Introduction: Cannabis sativa (hemp) seeds are popular for their high nutrient content, and strict regulations are in place to limit the amount of potentially harmful phytocannabinoids, especially D9-tetrahydrocannabinol (D9-THC). In
Canada, this limit is 10 lg of D9-THC per gram of hemp seeds (10 ppm), and other jurisdictions in the world follow similar guidelines.
Materials and Methods: We investigated three different brands of consumer-grade hemp seeds using four different procedures to extract phytocannabinoids, and quantified total D9-THC and cannabidiol (CBD).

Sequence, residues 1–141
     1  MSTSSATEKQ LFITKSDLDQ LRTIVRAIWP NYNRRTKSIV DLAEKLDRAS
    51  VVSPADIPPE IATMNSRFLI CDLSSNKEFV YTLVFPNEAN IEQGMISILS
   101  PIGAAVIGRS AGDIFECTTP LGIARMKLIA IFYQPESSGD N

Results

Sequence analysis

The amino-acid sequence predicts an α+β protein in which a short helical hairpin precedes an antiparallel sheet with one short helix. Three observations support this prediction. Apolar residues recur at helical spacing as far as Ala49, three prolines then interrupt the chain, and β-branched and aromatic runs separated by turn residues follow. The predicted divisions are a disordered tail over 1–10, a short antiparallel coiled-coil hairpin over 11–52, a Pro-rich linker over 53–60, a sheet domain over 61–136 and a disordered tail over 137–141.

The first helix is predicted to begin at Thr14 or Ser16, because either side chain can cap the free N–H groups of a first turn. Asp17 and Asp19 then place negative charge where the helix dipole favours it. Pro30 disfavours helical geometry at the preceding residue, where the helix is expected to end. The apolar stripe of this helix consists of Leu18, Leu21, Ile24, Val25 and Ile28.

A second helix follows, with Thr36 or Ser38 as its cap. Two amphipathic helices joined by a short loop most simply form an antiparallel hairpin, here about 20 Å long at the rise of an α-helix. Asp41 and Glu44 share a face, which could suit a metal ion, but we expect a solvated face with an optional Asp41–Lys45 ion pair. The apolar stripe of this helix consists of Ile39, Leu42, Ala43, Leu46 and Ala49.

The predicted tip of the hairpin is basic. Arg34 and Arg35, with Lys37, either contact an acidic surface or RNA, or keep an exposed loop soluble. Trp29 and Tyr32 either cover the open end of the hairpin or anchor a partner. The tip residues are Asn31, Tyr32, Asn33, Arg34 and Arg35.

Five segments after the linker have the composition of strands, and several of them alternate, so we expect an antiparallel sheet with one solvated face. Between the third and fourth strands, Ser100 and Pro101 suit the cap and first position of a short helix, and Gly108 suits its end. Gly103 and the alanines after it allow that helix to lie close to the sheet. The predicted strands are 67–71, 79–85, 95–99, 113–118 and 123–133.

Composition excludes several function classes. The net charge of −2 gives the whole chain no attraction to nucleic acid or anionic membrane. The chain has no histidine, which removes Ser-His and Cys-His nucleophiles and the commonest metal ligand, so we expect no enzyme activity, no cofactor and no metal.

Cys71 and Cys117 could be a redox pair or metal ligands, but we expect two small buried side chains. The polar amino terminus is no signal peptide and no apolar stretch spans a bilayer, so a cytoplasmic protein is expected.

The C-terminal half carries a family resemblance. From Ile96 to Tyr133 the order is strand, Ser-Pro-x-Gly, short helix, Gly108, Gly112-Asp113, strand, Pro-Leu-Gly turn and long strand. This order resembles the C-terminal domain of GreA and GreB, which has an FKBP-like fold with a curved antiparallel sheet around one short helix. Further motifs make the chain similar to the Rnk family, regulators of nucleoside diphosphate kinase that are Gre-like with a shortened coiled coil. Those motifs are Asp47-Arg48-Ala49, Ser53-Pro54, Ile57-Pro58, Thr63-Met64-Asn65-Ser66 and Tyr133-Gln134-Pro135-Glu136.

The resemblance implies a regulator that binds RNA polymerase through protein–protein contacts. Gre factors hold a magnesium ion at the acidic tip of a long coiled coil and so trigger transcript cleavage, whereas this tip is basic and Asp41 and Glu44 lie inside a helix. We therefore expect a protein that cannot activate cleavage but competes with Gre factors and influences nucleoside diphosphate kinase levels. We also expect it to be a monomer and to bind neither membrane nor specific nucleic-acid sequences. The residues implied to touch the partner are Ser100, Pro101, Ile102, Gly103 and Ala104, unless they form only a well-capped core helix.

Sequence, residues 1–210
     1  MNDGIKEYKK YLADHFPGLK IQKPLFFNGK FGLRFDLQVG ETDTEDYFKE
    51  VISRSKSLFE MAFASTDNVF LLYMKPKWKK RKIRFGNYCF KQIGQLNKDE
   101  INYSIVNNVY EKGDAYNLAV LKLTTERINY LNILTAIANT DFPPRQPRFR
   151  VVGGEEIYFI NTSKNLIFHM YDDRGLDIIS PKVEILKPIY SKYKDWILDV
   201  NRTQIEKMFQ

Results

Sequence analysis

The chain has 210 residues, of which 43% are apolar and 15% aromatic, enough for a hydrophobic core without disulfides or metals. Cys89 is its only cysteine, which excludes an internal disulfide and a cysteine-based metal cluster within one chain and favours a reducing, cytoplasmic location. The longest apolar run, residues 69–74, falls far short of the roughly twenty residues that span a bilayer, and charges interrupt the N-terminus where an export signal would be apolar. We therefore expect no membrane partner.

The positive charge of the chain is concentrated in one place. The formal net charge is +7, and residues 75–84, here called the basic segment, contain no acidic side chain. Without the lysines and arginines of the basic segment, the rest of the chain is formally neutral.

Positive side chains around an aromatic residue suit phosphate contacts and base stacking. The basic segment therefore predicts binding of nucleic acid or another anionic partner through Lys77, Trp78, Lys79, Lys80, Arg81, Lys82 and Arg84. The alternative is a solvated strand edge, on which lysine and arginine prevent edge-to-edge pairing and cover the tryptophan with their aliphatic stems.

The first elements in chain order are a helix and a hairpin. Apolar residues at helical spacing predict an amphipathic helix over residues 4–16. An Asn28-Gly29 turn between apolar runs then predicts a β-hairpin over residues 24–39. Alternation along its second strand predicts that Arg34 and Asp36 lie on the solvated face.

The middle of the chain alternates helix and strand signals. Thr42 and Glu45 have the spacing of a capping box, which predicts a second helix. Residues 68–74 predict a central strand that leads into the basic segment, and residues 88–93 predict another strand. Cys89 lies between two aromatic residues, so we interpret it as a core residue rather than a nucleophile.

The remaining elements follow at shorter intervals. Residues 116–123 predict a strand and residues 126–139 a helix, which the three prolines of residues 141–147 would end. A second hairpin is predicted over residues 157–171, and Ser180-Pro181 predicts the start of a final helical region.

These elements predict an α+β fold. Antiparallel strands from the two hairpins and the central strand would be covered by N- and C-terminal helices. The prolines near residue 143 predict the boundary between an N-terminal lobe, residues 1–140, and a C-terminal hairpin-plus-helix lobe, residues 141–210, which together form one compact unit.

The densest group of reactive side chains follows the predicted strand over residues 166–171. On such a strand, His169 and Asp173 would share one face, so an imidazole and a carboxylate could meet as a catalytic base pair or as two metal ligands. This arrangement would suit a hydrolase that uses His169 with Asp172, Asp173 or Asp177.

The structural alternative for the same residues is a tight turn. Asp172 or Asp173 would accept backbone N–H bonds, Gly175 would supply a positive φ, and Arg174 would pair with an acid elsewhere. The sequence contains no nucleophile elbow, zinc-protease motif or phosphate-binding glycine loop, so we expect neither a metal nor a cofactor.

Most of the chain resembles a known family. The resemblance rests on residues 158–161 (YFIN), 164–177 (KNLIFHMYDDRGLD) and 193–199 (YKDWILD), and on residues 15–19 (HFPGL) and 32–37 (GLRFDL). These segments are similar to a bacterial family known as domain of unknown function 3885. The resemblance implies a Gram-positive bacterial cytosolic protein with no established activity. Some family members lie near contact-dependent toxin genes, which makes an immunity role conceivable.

Discussion: We discovered that D9-THC concentrations in these hemp seeds could be as high as 1250% of the legal limit, and the amount of phytocannabinoids depended on the extraction procedure employed, Soxhlet
extraction being the most efficient across all three brands of seeds. D9-THC and CBD exhibited significant variations in their estimated concentrations even from the same brand, reflecting the inhomogeneous nature of seeds and variability due to the extraction method, but almost in all cases, D9-THC concentrations were higher than the legal limit. These quantities of total D9-THC may reach as high as 3.8mg per gram of hemp seeds, if one were consuming a 30-g daily recommended amount of hemp seeds, and is a cause for concern for potential toxicity. It is not clear if these high quantities of D9-THC are due to contamination of the seeds, or any other reason.